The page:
• Providing people with training in the methods and tools of continual improvement;
  • Making continual improvement of products;
  • processes and systems an objective for every individual in the organization;
  • Establishing goals to guide, and measures to track, continual improvement;
  • Recognizing and acknowledging improvements;

Principle 7: Fact-based Decision Making 

Use suitable information/fact/data when making decisions - as opposed to opinions, feelings, knee jerk responses, snap reactions, 'gut instinct' etc. To do this, you need to decide first what data you will need, collect it, and analyse/review it.

Wrong information will definitely lead to a poor management decision, therefore an efficient access to factual information will increase ability to demonstrate the effectiveness of past decisions through reference to factual records.

Effective decisions are based on the analysis of data and information
Key benefits:

  • Informed decisions;
  • An increased ability to demonstrate the effectiveness of past decisions through reference to factual records;
  • Increased ability to review, challenge and change opinions and decisions;

Applying the principle of factual approach to decision making typically leads to:

  • Ensuring that data and information are sufficiently accurate and reliable;
  • Making data accessible to those who need it;
  • Analysing data and information using valid methods;
  • Making decisions and taking action based on factual analysis, balanced with experience and intuition;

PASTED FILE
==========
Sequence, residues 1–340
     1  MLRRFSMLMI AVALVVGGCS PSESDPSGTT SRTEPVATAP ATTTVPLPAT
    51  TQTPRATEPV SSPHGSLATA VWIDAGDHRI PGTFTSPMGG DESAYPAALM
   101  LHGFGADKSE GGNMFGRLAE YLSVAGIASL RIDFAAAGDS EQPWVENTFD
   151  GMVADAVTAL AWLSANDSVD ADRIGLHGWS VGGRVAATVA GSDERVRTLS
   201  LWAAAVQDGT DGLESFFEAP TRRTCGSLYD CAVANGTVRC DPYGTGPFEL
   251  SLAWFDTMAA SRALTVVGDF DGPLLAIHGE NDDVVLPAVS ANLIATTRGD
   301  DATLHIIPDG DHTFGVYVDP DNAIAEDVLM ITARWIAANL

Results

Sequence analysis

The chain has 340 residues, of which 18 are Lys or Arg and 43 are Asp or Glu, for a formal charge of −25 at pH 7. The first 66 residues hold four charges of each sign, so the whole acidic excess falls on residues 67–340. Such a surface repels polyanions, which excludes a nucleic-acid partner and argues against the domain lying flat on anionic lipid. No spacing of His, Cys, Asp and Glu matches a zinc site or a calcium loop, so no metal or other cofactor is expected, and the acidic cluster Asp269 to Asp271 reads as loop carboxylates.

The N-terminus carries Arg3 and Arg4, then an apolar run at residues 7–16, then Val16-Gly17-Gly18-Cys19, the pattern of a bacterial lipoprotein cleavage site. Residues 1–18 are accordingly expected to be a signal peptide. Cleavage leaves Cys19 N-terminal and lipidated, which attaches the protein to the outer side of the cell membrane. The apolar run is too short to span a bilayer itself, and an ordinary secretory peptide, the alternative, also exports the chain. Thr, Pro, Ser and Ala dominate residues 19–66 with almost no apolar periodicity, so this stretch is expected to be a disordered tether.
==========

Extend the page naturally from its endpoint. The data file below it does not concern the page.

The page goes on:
Principle 8: Mutually Beneficial Supplier Relationships

An organisation and its suppliers depend on each other. Work with your suppliers wherever possible, so that you can both benefit.

An organization and its suppliers are interdependent and a mutually beneficial relationship enhances the ability of both to create value.

Key benefits:
Increased ability to create value for both parties;
Flexibility and speed of joint responses to changing market or customer needs and expectations;
Optimization of costs and resources;

Applying the principles of mutually beneficial supplier relationships typically leads to:
Establishing relationships that balance short-term gains with long-term considerations;
Pooling of expertise and resources with partners;
Identifying and selecting key suppliers;
Clear and open communication;
Sharing information and future plans;
Establishing joint development and improvement activities;
Inspiring, encouraging and recognizing improvements and achievements by suppliers;

The Next Step

There are many different ways of applying these quality management principles. The nature of the organization and the specific challenges it faces will determine how to implement them. Many organizations will find it beneficial to set up quality management systems based on these principles.